- Suspected in any patient with liver cirrhosis who shows evidence of clinical
deterioration .

- It's often presented with right hypocondrial pain +/- mass .

- Generally presenting like any other malignancy : malaise , weight loss , low grade
pyrexia , loss of appetite , fatigue .
- Jaundice but as a late feature .

- Haemobilia , hemoperitoneum , which are the immediate causes of death .

- With increased size, it could result in abdominal pain, loss of weight


unintentionally and loss of appetite.
 In some cases, there is rupture of the tumor
which results in acute abdomen.

 

Diagnosis : The best way to diagnose HCC is through screening for the tumor in
those patients who have 
risk factors. So, Liver function tests are not specific.
The best two tests are:

A) The tumor marker that is Alpha feto protein (AFP).
B) The cornerstone diagnostic tests are imaging, featuring early uptake (which is
enhancement on the arterial phase) and delayed washout (which is disappearing
on venous phase). HCC is supplied by the hepatic artery.

Other general ways to detect HCC : Ultrasound (transabdominal or laparoscopic) , CT


scan (conventional or lipoidal enhanced) , CT portography .

** Alpha-fetoprotein :

- Alpha : a protein contains alpha chain .


- feto : produced by yolk sac and the liver of the fetus .
so this protein is produced by the yould sac and the liver of the fetus and it's
found in a high level in the fetal life . but when the child is born the level of this
protein will decrease .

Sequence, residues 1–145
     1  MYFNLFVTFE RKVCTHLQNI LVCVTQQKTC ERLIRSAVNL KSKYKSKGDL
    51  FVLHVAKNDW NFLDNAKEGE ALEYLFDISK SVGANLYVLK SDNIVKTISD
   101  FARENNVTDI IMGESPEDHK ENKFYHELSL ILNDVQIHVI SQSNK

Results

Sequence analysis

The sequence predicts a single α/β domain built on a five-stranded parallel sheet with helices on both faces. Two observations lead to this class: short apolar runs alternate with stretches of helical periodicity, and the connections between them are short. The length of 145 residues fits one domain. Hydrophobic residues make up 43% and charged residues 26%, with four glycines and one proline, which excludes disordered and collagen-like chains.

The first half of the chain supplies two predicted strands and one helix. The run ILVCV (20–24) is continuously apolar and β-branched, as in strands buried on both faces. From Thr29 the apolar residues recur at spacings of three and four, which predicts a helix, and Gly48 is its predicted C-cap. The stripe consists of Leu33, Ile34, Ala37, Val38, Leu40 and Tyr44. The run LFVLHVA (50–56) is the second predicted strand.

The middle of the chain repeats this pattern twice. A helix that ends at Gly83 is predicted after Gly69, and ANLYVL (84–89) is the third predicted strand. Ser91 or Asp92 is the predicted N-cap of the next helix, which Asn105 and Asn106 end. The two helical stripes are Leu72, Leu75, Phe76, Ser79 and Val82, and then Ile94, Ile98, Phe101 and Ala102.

Hence , any increase in the level of Alpha-fetoprotein during life indicates a
problem in the liver .
1- Slight increase (fluctuating serum levels) : seen in hepatitis and cirrhosis .
2- Progressive increase in serum level : seen in 70-90% of patients with HCC .

Note that :
Alpha-fetoprotein serum level increase as the size of the tumor increase . Tumor
resection will result in a fall in Alpha-fetoprotein serum level . serial assessment of
Alpha-fetoprotein serum level is useful in measuring response to treatment .

Treatment:

A) Curative treatments:
1) Liver resection: in case of compensated cirrhosis.
2) Liver transplantation: late stage of cirrhosis. It is important to mention
here Milan criteria for Liver transplantation which is:

 
One lesion smaller than 5 cm.
 
Up to 3 lesions smaller than 3 cm.
  
No extra-hepatic manifestations.
 
No vascular invasion.

B) Palliative treatments:

1) TACE: Trans-arterial chemo-embolization is a minimally invasive procedure


performed in interventional radiology to restrict a tumor's blood supply.